While Christian Zionists invariably recognise Israel 's unilateral claim to the Occupied Territories , they also oppose Palestinian aspirations to self-determination since the two are intrinsically incompatible. Many see the peace accords as a betrayal of God's intentions for the Jewish people. ‘ The peace … is a false one and there are those who believe its roots are from the evil one .' Clarence Wagner of BFP shares this perspective. He is equally dismissive of the peace negotiations:
‘We need to encourage others to understand God's plans, not the man-inspired plans of the UN, the US , the EEC, Oslo , Wye, etc. God is not in any plan that would wrestle the Old City of Jerusalem, including the Temple Mount area and the Mount of Olives , and give it to the Moslem world. Messiah is not coming back to a Moslem city called Al-Quds, but to the regathered, restored Jewish city of Jerusalem .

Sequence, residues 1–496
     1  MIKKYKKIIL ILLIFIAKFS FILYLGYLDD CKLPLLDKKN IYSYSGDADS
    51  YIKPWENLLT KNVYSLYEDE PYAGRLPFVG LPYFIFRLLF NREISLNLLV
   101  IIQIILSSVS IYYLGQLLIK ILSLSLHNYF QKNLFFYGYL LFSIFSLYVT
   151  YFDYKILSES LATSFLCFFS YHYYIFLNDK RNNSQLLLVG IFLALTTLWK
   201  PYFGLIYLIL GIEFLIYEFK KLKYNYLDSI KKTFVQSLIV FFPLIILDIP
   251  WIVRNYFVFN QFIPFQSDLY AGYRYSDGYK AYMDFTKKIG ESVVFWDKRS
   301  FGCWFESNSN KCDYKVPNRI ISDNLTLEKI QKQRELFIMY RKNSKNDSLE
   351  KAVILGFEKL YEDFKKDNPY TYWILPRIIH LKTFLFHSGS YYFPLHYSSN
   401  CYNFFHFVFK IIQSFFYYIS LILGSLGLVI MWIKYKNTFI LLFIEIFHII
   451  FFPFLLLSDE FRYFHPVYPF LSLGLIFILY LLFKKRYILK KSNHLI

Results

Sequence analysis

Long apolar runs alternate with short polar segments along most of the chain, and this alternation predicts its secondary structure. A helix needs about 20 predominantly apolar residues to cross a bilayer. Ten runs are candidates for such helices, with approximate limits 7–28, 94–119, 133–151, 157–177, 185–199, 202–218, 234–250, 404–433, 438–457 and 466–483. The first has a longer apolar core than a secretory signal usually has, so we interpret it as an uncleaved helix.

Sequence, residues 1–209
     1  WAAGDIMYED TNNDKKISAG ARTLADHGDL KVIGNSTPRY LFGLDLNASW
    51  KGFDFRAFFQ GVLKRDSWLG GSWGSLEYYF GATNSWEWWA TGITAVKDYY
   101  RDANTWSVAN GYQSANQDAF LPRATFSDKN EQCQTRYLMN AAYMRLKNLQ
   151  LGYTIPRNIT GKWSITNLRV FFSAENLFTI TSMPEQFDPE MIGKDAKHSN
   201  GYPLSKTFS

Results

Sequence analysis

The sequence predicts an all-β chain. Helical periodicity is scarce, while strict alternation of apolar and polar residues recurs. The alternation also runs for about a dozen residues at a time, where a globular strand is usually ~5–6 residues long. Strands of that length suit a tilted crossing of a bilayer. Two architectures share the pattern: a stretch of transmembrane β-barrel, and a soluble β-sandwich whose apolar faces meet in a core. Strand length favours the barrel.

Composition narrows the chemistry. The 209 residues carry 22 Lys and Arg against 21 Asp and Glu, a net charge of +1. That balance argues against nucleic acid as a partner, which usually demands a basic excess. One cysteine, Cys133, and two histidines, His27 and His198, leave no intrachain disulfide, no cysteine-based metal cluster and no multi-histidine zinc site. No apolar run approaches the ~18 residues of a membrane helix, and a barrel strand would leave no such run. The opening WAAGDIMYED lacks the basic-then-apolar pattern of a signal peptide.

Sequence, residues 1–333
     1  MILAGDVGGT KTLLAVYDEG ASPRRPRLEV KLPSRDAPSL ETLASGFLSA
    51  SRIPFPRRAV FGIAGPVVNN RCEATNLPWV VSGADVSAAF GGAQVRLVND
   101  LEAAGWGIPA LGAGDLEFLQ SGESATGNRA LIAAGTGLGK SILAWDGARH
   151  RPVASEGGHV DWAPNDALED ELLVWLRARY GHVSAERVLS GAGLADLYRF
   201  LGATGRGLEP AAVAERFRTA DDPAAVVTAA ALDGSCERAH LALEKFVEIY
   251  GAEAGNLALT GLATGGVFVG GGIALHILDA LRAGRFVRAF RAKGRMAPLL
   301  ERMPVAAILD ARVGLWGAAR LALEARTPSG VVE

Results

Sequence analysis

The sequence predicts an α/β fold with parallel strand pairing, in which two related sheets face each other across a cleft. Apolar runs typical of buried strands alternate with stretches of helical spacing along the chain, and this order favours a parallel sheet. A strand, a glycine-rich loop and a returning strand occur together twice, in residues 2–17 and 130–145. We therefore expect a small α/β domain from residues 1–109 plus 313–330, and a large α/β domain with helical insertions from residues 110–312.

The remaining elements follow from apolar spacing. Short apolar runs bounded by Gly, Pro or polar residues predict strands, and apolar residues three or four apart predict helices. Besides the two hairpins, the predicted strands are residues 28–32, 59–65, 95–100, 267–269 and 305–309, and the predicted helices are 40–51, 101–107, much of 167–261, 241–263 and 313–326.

Peace talks are therefore seen not only as a waste of time, they demonstrate at best a lack of faith and at worst a rebellious defiance toward God's plans. Such pronouncements coming from highly influential Christian leaders appear little different from those of Muslim extremists who call for a ‘ holy war' against the West. The danger of such a theology is not so much that it is fatalistic, but that like the ‘chicken little' story, it appears so contagious.  Karen Armstrong is not alone in tracing within Western Christian Zionism evidence of the legacy of the Crusades. Such fundamentalists have, she observes, ‘ returned to a classical and extreme religious crusading. ' 
As has been shown, Christian Zionism as a movement has profound and lasting political consequences. Christian Zionists have shown varying degrees of enthusiasm for implementing six basic theological convictions that arise from their literal and futurist reading of the Bible: